I have a few questions, which I'm mostly asking to promote discussion of the available options:

What genre will it be? The robots idea is versatile, so I'm thinking it could be a puzzle, stealth, or action game, or a combination of those. Perhaps each level could have a different genre focus.

What do you think the best view is? I appreciate you initially wanted to make a platformer, but there might be merits to a top-down game instead. I think either could work successfully.

Would it be worth removing the water aspect of the game? Since this is you returning to making games, I think it would be best to keep it simple and focus on the parts that you are really motivated to make. The water doesn't affect the gameplay much, so I'd be very tempted to remove it. An alternative would be to show the floor number on each level, in a similar way that Portal shows the test chamber number.

« on: December 17, 2010, 10:38:15 pm »
And I have one suggestion, too, if it's not too much game-breaking trouble. I'd love to see platforms that move perpendicular to their own.. axis, rather than parallel. Like a horizontal platform that moves up and down, or a vertical one that moves left to right. That would open up some possibilities. Other than that, I really can't think of anything you could add or make better within the limitations of the format!
Good idea! Unfortunately that's probably going to be very complicated, but I'll look into it and let you know.

Actually, it could be very easy. Simply program it to have one tile for each direction. The only problem with this is that old levels may need conversion.
It's the code to move the platforms that is super-complicated. It handles platforms going off one side and appearing on the other side, along with platforms bashing into each other and most complicated of all... room rotation! Coming back to it after all this time makes it look fairly incomprehensible :verdigris:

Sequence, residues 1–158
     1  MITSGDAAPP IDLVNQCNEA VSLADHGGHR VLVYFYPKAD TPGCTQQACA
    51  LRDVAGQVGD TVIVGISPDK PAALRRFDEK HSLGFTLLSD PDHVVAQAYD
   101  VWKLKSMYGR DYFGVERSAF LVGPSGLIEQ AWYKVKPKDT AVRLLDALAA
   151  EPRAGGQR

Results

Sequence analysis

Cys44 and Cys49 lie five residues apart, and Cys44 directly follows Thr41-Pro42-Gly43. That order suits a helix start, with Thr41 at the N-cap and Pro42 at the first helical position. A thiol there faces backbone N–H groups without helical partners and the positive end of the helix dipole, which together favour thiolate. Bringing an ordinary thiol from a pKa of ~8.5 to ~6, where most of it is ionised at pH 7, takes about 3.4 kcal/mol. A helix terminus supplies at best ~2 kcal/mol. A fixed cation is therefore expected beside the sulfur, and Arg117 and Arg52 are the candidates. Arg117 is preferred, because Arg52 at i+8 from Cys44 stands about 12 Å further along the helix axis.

On a more positive note, I have all the design iterations for every room in Fading Away campaign, so if anybody would like to see the design process of a room and have me ramble on about it, just ask!

Everything else / Re: I want to make a short-form platformer
« on: December 16, 2010, 01:29:23 pm »
Interesting! I'll write a proper reply, but I wanted to clarify one thing before I do that:

I'm probably misunderstanding, but are you saying the levels would be about manipulating robots and the water wouldn't be involved? The water is only contained in the elevator and is there for the story, rather than the game mechanics?

Everything else / Re: I want to make a short-form platformer
« on: December 13, 2010, 01:29:57 pm »
I like lazer bomb's idea of changing the environment, along with your idea of flooding an area with water.

A few years ago I started writing a game where this happened. It was a turn-based puzzle platformer, where you had to escape a flooding cave. The cave was an abandoned research laboratory, so there was plenty of opportunity to manipulate the water. You could use switches to open doors, which would redirect the water. You could freeze the water, so it would stay regardless of changes to the environment. You could heat up the water to make it evaporate.

The protagonist was a spider, so he could crawl up walls and then drop down from ceilings using his spindley webs, which acted as ladders. The interface was super-simple, it was just ascii characters and the controls were the arrow keys.

I was writing the game for a 2-day tournament, but unfortunately had to work most of that weekend and consequently hardly anything got done :victoria: